Move over, Tony Soprano. A new boss is coming to HBO. The first teaser for The Penguin opens in a flooded Gotham, right where the 2022 film left off, with Farrell doing exactly what any DC villain worth his salt should do: monologuing….

[Thanks to John King Tarpinian, Chris Barkley, Cat Eldridge, SF Concatenation’s Jonathan Cowie, Dann, Steven French, Mike Kennedy, and Andrew Porter for some of these stories. Title credit belongs to File 770 contributing editor of the day Cat Eldridge.]

Visit to a Replica of Sherlock Holmes’ Sitting Room at 221B Baker Street

Sherlock Holmes’ desk.

By Bill and Teresa Peschel: Inside an unassuming house in Reading, PA is a treasure. It’s a complete down-to-the-last-detail, life-size recreation of Sherlock Holmes’ sitting room at 221B Baker Street.

And, if you’re a member of a Sherlock Holmes fan group (there are many across the world including the U.S. and we welcome new members) you can visit it on open house days.

Teresa Peschel — and Bill. if you know where to look for him.

Bill and I are members of the White Rose Irregulars, a group based in central PA. Thus, when word comes from on high that the sitting room is open for visitors, we make the trek to Reading. The owner, a member of the Baker Street Irregulars, opens up once or twice a year. He gets visitors from across the United States who come to revel in sitting in Sherlock’s own easy chair, gawk at Sebastion Moran’s air rifle, study the chemistry lab, listen to the sound of horses clip-clopping outside on the street, try to identify the hundreds of items on display and connect them to the canon, and buy loads of Sherlock merchandise to supplement their own hoards.

In addition, the owner sells memorabilia to benefit the Baker Street Irregulars Trust. It uses the money raised to raise Sherlock’s profile in the public school system. He acquires it from everywhere: donations, people downsizing their collections, others who have gotten duplicates, or the heirs who don’t know what to do with any of that stuff.

The current plan for the sitting room is it will eventually go, down to the last cocaine syringe and spent bullet casing, to the University of Minnesota’s Sherlock Holmes collection. It will join some 60,000 other items including the Peschel Press contribution to Sherlock studies: The 223B Casebooks. These comprise nine volumes of vintage Sherlock Holmes parodies covering 1888 – 1930. And yes, the owner of Sherlock’s sitting room has a set of our books. We’re very proud.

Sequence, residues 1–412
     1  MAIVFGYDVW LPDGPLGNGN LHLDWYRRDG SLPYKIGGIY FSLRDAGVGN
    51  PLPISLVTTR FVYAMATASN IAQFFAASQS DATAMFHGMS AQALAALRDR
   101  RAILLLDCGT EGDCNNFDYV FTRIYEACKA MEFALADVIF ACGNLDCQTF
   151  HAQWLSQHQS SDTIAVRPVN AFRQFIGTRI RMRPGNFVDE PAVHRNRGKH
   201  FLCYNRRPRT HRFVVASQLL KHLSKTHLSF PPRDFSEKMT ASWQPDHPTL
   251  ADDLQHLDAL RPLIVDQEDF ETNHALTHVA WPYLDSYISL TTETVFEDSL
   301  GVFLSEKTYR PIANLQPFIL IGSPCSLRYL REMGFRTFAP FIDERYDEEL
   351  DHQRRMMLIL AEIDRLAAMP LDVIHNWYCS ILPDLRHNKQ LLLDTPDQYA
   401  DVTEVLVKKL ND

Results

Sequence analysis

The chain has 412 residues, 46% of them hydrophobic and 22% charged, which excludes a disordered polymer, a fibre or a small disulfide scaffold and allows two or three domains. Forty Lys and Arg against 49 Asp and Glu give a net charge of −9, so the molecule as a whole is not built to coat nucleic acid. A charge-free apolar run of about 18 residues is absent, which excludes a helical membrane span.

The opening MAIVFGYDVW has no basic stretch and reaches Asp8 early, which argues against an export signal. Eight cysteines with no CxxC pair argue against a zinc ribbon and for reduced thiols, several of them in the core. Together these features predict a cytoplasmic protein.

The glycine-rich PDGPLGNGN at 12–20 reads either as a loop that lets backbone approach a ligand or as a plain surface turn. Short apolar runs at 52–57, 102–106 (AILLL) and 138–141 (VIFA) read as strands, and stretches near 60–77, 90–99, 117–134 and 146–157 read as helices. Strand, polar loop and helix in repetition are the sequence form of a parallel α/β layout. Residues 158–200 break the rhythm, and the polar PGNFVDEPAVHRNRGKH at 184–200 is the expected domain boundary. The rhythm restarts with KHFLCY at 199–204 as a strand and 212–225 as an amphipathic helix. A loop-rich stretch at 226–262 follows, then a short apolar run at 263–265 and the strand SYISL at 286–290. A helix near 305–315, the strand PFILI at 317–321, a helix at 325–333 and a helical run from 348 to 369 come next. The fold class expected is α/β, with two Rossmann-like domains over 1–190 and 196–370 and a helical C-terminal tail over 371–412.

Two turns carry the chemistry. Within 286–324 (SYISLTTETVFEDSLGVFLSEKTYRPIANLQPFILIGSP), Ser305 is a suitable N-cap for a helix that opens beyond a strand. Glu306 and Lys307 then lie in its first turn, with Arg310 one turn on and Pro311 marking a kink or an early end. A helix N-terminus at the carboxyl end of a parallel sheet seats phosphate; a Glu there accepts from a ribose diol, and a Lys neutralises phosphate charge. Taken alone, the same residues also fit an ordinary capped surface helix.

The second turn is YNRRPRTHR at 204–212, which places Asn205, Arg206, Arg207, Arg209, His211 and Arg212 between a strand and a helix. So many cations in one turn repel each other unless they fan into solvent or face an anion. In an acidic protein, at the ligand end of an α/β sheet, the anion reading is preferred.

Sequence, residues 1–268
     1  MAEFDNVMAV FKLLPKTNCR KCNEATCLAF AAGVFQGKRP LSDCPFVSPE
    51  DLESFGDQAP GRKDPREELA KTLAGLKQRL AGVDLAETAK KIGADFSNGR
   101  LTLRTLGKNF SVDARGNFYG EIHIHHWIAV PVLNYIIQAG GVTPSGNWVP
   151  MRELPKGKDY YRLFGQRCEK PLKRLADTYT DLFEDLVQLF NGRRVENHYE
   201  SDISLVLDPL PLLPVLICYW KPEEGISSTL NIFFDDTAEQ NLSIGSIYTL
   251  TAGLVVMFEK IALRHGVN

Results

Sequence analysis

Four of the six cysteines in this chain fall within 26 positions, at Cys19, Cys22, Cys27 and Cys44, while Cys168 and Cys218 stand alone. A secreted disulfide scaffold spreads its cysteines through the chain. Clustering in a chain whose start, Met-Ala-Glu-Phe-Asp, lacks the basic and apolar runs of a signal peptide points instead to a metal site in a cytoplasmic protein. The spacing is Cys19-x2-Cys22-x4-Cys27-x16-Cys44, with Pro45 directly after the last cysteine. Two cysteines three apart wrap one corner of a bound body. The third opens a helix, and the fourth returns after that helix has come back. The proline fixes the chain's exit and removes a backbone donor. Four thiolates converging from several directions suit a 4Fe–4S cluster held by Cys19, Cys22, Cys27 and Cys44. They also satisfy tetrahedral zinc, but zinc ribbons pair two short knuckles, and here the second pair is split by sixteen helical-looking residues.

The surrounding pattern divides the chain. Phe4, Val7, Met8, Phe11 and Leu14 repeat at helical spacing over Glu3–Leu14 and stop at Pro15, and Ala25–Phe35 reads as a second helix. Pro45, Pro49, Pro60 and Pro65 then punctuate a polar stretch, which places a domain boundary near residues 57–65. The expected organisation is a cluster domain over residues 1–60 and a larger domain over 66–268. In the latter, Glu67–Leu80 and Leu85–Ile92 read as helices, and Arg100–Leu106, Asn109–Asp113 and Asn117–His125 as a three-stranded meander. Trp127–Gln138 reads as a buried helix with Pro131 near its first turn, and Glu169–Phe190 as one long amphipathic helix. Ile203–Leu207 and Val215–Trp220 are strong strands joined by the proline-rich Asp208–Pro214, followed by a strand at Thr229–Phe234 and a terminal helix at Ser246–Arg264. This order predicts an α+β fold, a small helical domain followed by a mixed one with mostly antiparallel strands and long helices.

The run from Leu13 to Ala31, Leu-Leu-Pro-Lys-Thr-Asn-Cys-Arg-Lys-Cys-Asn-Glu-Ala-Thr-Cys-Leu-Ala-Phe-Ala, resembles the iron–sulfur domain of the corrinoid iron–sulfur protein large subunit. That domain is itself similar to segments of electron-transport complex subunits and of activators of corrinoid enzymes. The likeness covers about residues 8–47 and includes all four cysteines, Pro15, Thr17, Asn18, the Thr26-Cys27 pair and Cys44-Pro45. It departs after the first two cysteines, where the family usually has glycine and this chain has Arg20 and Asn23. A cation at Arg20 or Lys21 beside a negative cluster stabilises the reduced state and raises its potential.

This is an amazing place to visit. You enter the house, descend the staircase lined with Sherlock movie memorabilia, and enter the sitting room. Once inside, you can walk around and marvel, even touch things. Two passageways lined with more posters and such lead to the memorabilia room. It’s crammed with wonderful treasures you can buy with a clear conscience because you’re supporting the BSI Trust. While you’re there, you can meet and chat with Sherlock fans from across the country, some of them very big names indeed.

But until Sherlock’s sitting room reopens and you can go to Reading, enjoy the pictures.


Bill and Teresa Peschel are indie writers and publishers from Hershey, PA. They publish a wide variety of books, including the 223B Baker Street series which collects vintage Sherlock Holmes fanfiction and annotations of Agatha Christie and Dorothy Sayers golden age mysteries. Visit them at Peschel Press to learn more or follow them on Instagram for daily quotes and posts.

Lis Carey Review: Sherlock Holmes & the Silver Cord

Sherlock Holmes & the Silver Cord by M.K. Wiseman
Self-published, 2023

Review by Lis Carey: As with other Sherlock Holmes tales by M. K. Wiseman, Holmes is his own chronicler. Not, this time, due to Watson’s absence, but because this tale is about what’s going on inside Holmes’s head, as he recovers from the mental and emotional impact of the death of Moriarty, his own three-year absence, and his surprise return to London, 221B Baker Street, and Watson’s life.